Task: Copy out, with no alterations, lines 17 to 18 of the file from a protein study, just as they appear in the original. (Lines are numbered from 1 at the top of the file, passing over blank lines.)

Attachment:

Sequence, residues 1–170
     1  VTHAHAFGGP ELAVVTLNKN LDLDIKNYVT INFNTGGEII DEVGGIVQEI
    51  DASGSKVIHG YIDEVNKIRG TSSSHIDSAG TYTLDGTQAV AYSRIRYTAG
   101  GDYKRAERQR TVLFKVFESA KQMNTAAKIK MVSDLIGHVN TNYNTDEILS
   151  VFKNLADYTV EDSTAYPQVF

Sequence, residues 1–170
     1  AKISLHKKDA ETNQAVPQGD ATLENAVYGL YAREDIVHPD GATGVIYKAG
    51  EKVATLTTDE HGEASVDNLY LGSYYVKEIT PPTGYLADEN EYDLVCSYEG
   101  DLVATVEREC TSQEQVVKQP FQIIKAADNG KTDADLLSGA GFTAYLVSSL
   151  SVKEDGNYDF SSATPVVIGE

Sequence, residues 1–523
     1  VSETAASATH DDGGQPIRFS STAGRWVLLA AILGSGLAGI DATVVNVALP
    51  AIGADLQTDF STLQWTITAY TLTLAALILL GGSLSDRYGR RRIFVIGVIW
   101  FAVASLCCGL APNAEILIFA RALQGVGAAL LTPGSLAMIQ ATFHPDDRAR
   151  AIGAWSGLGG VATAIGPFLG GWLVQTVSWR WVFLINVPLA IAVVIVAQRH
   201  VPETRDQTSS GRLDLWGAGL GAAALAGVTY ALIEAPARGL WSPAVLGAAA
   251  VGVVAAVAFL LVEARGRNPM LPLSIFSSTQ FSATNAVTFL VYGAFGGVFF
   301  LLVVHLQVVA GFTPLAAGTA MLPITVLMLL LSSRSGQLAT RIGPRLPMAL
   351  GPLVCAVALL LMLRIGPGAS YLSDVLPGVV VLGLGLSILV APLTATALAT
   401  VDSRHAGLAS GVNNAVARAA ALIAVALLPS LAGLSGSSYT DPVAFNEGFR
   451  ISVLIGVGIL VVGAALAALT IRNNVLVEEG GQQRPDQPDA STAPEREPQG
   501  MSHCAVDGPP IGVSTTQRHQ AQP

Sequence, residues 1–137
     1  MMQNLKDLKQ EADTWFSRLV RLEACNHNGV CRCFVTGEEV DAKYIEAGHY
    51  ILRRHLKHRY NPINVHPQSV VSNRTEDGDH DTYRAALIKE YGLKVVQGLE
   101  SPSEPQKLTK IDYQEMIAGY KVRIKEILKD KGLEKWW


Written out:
   251  VGVVAAVAFL LVEARGRNPM LPLSIFSSTQ FSATNAVTFL VYGAFGGVFF
   301  LLVVHLQVVA GFTPLAAGTA MLPITVLMLL LSSRSGQLAT RIGPRLPMAL